SpringOne 2GX 2012 Web Track: Designing REST-ful API using Spring 3, IOC in Javascript

News | Pieter Humphrey | November 30, 2012 | ...


Designing a REST-ful API using Spring 3

In the course of creating VAS, we did a lot of work to design a useful REST API.

REST is generally a very loose collection of principals that can be interpreted in many ways, so this talk would describe a more concrete idea of what a REST-ful API should look like.

In addition, the implementation of this API was done with many of the new features in Spring 3 and are a good demonstration of the power it provides.

About Ben Hale

Ben Hale

Ben Hale is a senior software engineer with Springsource and a core developer on the SpringSource dm Server project. Ben specializes in middleware development with using technologies such as OSGi and Aspect Oriented Programming as well as directing the build and release processes for all products in the Spring and SpringSource portfolios.

His interests include middle-tier architecture and effective build and release management strategies.

Prior to joining SpringSource, Ben spent several years leading teams in architecture and development of large-scale enterprise management applications for the telecommunications industry.




IOC + Javascript

Thicker web clients and server-side JavaScript create complexity that must be managed through architectural patterns. JavaScript hasn't yet embraced lessons learned from other platforms, like Java+Spring. Existing JavaScript MVC frameworks are too rigid and lack sufficient architectural plumbing. Javascript needs flexible architectural infrastructure for building bigger, better apps.

In this talk, Brian and John will introduce several concepts, including JavaScript Modules and Inversion of Control, and demonstrate how they alleviate many of the dominant problems encountered when building large JavaScript apps. Attendees will gain a firmer understanding of new architectural patterns and witness tangible examples of how these patterns improve testability, refactorability, composability, division of work, and team scalability.

About Brian Cavalier

Brian Cavalier

Brian is a server-side Java guy turned front-end engineer, and open source fanatic. From collaborative aircraft maintenance systems for the US Navy, to Computer Assisted Surgery systems for Orthopedic surgery, to a global-scale content curation and personalization system, he loves building things that users love to use. He works at VMware on making the web more awesome, and is co-lead of the cujo.js architecture unframework (cujojs.com), a lover of Siberian huskies, family, and things with two wheels.

More about Brian: https://github.com/briancavalier http://blog.briancavalier.com/ http://www.slideshare.net/briancavalier http://lanyrd.com/profile/briancavalier/

More About Brian »

About John Hann

John Hann

John has been pushing the limits of the web since 1996 and has been totally engulfed in Javascript, HTML, and CSS since 2004. Of the 70+ enterprise-scale apps he's led, notable achievements include Ajax-ish and JSON-RPC-like browser apps way back in 1999 (US Patent 7,016,751), composable Javascript constructors for creating draggable modal dialogs in 2004, and a Javascript non-preemptive multi-tasking framework in 2007. When he's not working on his “top secret” project at VMWare or his latest side-project with his kids, John is sure to be coding tenaciously on the next generation of Javascript libraries at http://cujojs.github.com.

More about John: http://unscriptable.com/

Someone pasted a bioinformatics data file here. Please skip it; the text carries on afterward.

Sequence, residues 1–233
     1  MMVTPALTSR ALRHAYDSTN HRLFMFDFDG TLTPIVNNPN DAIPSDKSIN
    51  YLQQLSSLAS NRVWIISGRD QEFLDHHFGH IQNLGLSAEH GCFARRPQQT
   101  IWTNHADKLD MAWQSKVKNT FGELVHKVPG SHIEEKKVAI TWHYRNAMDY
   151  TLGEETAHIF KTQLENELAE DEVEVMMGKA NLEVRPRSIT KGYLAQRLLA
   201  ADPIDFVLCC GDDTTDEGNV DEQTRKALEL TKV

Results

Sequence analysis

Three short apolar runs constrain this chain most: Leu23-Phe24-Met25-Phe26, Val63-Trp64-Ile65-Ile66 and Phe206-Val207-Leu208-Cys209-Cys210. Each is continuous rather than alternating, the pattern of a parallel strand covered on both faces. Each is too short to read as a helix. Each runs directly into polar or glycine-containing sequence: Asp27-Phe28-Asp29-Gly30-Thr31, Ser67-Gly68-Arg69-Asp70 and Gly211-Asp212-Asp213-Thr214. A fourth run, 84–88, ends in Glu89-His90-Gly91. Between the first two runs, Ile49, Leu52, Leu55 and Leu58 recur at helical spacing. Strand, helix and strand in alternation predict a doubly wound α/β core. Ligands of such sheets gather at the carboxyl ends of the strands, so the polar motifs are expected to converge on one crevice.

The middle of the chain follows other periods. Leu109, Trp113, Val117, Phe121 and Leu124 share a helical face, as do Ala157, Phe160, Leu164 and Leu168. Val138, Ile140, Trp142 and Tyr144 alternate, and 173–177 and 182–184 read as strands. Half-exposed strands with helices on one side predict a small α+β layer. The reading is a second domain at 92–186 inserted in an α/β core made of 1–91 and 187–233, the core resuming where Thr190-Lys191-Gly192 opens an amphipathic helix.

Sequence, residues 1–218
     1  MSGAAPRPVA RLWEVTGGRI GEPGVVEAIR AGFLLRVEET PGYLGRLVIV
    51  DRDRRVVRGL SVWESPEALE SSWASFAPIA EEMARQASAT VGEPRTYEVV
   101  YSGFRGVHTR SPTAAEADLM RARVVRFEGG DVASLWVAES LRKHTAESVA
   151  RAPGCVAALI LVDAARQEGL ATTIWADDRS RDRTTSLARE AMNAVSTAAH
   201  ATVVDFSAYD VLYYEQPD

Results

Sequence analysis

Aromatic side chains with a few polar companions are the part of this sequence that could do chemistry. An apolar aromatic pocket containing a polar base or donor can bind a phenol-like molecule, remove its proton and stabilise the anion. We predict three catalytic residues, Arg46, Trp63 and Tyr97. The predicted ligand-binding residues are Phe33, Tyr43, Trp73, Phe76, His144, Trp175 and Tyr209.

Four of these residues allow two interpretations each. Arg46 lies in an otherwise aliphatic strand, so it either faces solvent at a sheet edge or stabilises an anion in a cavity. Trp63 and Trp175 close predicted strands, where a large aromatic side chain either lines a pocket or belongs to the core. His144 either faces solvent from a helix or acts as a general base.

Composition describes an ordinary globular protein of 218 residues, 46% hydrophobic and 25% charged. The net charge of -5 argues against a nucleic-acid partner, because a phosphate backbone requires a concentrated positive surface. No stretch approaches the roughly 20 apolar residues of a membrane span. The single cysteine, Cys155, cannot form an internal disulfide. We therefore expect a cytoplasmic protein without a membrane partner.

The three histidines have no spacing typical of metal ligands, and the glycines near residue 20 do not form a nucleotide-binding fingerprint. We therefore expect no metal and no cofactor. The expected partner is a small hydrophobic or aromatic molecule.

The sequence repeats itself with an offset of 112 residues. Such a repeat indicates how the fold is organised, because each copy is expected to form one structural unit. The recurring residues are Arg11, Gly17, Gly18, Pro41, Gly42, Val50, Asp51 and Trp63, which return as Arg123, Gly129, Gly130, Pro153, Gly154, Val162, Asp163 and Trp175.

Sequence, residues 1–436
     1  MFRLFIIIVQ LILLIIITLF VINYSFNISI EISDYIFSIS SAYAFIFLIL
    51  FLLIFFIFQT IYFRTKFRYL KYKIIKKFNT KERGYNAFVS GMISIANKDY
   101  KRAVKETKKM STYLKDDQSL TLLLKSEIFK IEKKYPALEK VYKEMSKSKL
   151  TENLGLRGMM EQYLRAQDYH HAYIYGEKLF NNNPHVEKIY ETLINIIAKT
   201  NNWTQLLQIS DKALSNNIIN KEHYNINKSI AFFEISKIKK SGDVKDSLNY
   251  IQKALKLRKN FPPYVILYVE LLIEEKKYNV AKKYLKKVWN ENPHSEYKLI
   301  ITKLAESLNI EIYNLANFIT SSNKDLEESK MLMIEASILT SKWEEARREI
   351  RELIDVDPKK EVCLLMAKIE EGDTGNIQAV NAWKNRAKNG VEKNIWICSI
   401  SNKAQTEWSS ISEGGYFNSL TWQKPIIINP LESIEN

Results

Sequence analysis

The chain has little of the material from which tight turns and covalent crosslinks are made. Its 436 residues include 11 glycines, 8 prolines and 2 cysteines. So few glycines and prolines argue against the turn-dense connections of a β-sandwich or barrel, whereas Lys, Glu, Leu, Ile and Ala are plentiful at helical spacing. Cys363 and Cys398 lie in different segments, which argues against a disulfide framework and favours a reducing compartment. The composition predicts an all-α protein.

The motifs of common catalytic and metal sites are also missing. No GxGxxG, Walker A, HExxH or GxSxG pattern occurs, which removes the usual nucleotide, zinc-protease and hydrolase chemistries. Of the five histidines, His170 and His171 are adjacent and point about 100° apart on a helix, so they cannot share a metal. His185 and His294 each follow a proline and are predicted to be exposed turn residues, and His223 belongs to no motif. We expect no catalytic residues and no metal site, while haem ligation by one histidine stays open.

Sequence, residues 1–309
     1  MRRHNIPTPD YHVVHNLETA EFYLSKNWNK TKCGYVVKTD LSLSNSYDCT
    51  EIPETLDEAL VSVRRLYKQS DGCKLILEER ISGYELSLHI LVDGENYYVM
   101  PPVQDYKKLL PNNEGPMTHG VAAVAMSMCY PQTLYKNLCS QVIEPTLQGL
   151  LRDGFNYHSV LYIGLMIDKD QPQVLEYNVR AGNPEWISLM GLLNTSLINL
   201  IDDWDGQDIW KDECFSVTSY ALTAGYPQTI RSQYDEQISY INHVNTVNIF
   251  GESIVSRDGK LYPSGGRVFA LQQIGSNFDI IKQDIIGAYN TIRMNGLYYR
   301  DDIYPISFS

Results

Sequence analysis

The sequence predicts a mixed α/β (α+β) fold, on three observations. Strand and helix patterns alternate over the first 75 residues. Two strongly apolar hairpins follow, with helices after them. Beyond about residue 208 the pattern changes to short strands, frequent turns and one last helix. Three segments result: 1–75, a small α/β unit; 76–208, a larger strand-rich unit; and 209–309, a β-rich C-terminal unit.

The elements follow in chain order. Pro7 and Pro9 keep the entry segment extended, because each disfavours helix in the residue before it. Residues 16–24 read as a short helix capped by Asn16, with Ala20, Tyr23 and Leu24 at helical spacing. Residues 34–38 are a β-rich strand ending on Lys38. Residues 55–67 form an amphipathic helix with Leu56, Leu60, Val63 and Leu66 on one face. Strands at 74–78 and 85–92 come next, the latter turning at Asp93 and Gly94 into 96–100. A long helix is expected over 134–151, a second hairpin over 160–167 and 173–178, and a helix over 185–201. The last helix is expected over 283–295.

More About John »



This Week in Spring - 27 November, 2012

Engineering | Josh Long | November 28, 2012 | ...

Welcome back to another installment of This Week in Spring! If you're in the states, then I hope you're well rested from a hopefully very pleasant holiday weekend, because we've got a lot to cover this week!

I hope you find this roundup useful. If you should ever want to peruse previous weeks' roundups, we've recently created a This Week in Spring hash tag for the blog archives.

Anyway, we've got a lot to cover this week, so let's get on with it!

  1. Chris Beams has announced that the Spring Framework 3.2 RC2 has been released, consisting largely of bugfixes and refactoring as the project nears GA.
  2. Andy Wilkinson has announced the release and availability of the Spring Migration Analyzer, a command-line utility that analyzes enterprise Java applications and produces a report describing the application and how it can be migrated to Spring. Input an EAR file, get a migration effort report. It supports WebLogic, WebSphere, Java EE and JBoss in the milestone release, but we are looking for community support to make it better for GA!
  3. Catch the latest in the Spring Data webinar series on Dec 13th -- Data Access and Processing with Spring Data, Hadoop, Batch, Integration. We are also have a webinar on Spring Data Gemfire on Dec 6th: The Data Renaissance: Going in-Memory with VMWare vFabric GemFire 7.0 and Spring.
  4. If you have missed the other webinars in the Spring Data Webinar series, check out the SpringSource Dev Youtube channel for recently published replays on: Data Access with Spring -- Getting the most out of JPA, JDBC and REST and Introducing Spring for Apache Hadoop.
  5. Gary Russell has announced that Spring Integration 2.2.0.RC3 has been released.
  6. Spring Social 1.1.0 has been released. The new release includes easier XML and Java configuration, tighter adherence to the latest OAuth 2 specification drafts, including HTTP Basic client authentication and support for Resource Owner Credentials Grant and Client Credentials Grant, and updates to the Facebook and Twitter API bindings.
  7. Jens Schauder has a nice post on creating new Spring beans on demand using the singleton scope.
  8. The Java How to Program blog has a nice roundup on
      <a href="http://www.hubberspot.com/2012/10/how-to-use-component-annotation-for.html">How to use <CODE>@Component</CODE> 
      annotation to automatically configure Spring beans</a>.
  9. This is a nice post on how to implement the chain-of-responsibility pattern using Spring and @Autowired (or alternatively @Inject).
  10. Viral Patel's back at it again, this time with a post on Spring 3 MVC interceptors.